The financial ombudsman has highlighted the small print and rules surrounding travel insurance disputes.
The organisation considered almost 900 travel insurance complaints in the last quarter of 2017 to highlight some of the issues involved.
The ombudsman said figures show more than 21.9 million people from the UK went on summer holidays abroad in 2017.
Overall there were 3,000 complaints about travel insurance made to the ombudsman last year. It ruled that insurers had not treated their customers fairly in nearly four in ten cases.
For example, a man who fell and hit his head after “drinking all night” was correctly refused travel insurance cover.
But another who slipped over in a nightclub’s toilets after a drink while on holiday should have been covered, according to the ombudsman.
Tourists should not be expected to have been sober to win a claim.
The burden of proof was on the insurer to prove that too much drinking was to blame, the BBC reported.
Many insurers have a clause in travel insurance policies that means cover is refused if the policyholder’s accident was caused by excessive alcohol.
If the insurer refuses to pay for the medical expenses, the customer can appeal to the financial ombudsman to make an independent ruling.
Chief financial ombudsman Caroline Wayman said: “Insurers may choose not to pay out if they believe someone’s been drinking excessively, although this doesn’t necessarily mean holidays should be totally alcohol-free.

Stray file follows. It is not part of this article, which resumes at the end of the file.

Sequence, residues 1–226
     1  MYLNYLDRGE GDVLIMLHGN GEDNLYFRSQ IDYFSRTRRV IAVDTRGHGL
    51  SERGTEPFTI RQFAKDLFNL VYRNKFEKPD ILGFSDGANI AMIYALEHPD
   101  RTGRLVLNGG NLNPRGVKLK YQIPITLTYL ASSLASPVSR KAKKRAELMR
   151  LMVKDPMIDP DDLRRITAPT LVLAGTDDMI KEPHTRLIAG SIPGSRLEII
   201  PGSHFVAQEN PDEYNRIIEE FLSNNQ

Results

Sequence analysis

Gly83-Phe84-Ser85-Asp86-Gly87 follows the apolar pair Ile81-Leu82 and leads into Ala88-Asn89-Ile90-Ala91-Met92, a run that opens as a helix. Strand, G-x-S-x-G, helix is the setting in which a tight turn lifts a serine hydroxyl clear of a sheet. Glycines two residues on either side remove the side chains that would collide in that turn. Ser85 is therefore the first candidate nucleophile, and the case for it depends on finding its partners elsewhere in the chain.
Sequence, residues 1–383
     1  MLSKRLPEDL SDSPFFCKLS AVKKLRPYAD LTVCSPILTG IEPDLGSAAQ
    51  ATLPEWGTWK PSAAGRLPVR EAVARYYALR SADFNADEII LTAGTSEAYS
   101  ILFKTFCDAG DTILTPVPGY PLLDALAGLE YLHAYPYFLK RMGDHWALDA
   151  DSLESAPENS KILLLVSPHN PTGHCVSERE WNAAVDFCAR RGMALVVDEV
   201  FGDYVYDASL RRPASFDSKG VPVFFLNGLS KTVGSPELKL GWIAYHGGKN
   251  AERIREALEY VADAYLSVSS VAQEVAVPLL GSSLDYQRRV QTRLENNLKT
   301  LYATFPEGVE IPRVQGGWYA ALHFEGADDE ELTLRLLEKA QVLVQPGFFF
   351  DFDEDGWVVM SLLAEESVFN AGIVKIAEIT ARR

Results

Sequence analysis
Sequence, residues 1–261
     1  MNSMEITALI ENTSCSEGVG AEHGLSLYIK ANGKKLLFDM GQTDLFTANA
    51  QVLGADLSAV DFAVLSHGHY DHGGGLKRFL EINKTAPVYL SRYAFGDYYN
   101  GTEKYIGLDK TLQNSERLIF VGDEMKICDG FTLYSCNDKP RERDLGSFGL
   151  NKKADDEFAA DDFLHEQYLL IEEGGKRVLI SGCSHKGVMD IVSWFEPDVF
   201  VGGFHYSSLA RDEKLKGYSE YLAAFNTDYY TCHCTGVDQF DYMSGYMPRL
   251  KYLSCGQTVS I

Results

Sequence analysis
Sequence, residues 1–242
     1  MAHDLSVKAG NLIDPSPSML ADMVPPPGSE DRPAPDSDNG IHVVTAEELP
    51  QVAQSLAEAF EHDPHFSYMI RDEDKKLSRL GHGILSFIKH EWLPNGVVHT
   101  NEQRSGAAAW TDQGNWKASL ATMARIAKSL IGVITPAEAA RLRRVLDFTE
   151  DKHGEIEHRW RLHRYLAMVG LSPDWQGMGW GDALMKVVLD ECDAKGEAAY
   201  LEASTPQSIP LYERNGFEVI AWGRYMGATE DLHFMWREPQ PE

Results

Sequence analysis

“In each case, we’ll need to carefully weigh up all the evidence to decide, on balance, whether the insurer has made the right call.
“Encouragingly, compared with recent years, we’re generally upholding fewer travel insurance complaints. This suggests, while there is still clearly work to do, that many insurers are increasingly treating their customers in a fair and reasonable way.”
In the nightclub case, the ombudsman told the insurer to pay up for a man’s medical treatment costs. The man said he had been drinking, but that he was not drunk at the time.
The ombudsman decided that, on balance, it did not think the evidence showed it was more likely than not that excessive alcohol consumption had caused his accident.
However, in the other case highlighted, an insurer sent the ombudsman medical records showing the emergency doctor diagnosed the injured man with “acute alcohol intoxication”.
These records also said he had not been able to sign a form when he arrived at the hospital, and other records made during his ambulance trip suggested he had said he had been drinking all night.
A spokeswoman for the Association of British Insurers (ABI) said: “Travel insurance is a lifeline for people who run into trouble overseas, with insurers paying out more than a million pounds every day.
“More than half of this funds emergency medical treatment for people who have been badly injured or have fallen seriously ill. As with any insurance, customers do have a responsibility not to behave recklessly.
“Insurers know people will likely want to drink alcohol while they are on holiday and they don’t expect you to stay sober all the time, but there is a danger of invalidating your cover if you drink so much that it makes you act dangerously or means you are out of control.”
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